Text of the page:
How should a reviewing court proceed when determining the reasonableness of an administrative decision-maker’s interpretation of law? At a high level of abstraction it is important to distinguish between interpretations that are “wrong” and those that are “unreasonable”. The test for judicial intervention is “unreasonableness”, not “wrongness”. It is not because the decision-maker fails to live up to some judicially imposed ideal that judicial intervention is justified. Something more is required. Otherwise, judges would be intervening because the administrative decision-maker was “wrong”, an approach entirely at odds with administrative autonomy.

What is required is for the applicant to demonstrate some error on the part of the administrative decision-maker. Some examples may be helpful. A prima facie departure from statutory text requires an explanation. So does ignoring a key term altogether (the very problem in Small: see paras. 37 and 39). An interpretation which runs contrary to the purpose of the statute would also be problematic.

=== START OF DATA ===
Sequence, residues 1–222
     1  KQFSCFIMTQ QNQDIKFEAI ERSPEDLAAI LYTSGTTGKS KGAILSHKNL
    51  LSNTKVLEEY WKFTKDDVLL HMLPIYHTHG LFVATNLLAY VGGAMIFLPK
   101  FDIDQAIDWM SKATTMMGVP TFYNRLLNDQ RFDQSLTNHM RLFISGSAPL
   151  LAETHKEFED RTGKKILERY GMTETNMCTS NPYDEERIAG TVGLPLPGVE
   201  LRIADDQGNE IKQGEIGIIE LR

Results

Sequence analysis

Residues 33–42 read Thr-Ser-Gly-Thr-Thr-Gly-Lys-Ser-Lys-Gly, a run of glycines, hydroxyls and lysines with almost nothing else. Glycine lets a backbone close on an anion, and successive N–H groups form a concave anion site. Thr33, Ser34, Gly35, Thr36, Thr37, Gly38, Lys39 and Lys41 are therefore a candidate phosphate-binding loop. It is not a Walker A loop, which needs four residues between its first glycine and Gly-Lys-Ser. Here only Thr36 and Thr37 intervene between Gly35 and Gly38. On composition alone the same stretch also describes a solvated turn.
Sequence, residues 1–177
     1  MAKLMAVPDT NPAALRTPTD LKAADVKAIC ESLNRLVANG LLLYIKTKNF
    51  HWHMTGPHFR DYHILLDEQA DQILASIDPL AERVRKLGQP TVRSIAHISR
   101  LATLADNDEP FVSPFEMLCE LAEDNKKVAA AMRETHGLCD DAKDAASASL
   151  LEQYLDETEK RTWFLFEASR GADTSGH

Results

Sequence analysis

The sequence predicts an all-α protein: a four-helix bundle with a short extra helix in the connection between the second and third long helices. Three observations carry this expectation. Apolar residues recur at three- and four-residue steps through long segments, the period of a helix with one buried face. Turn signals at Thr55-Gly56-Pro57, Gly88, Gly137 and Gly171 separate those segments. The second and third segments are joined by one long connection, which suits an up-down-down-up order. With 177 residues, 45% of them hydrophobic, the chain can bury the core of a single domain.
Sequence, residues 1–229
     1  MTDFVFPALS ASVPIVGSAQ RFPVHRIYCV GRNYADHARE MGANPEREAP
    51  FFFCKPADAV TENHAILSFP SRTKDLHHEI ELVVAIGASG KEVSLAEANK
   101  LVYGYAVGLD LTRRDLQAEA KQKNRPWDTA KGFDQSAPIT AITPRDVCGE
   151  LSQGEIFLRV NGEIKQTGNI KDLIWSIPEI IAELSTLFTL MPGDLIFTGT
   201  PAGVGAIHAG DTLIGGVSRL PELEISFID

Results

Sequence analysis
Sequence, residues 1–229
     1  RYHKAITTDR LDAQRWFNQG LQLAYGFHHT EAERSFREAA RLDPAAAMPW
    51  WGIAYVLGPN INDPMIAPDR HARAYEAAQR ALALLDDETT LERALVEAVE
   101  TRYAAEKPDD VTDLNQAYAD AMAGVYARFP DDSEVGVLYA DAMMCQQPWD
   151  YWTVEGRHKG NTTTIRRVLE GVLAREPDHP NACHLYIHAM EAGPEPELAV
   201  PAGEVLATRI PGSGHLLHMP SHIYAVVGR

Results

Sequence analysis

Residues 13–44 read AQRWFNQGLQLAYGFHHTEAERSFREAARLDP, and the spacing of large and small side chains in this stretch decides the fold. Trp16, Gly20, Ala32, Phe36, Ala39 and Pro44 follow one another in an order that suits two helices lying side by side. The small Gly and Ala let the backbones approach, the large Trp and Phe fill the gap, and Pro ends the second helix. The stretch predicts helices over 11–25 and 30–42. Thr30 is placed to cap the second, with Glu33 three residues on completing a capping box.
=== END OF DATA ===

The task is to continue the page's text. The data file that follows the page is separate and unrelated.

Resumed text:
If the decision-maker has not cogently explained such interpretive errors, judicial intervention is justifiable. This approach is consistent with the approach taken to judicial review generally. Quite properly, the onus is on the applicant to demonstrate reviewable error; it is not for the administrative decision-maker to demonstrate that it has acted in a manner that is beyond reproach. Judicial intervention on the basis of perceived clarity, or a failure to follow a prescribed approach to statutory interpretation, would compromise the autonomy of administrative decision-makers. Robertson J.A.’s approach, though attractive, ought to be rejected.

2012 NBCA 53, Chevron deference, deference, interpretations of law, questions of law, Small v. New Brunswick Liquor Corporation, statutory interpretation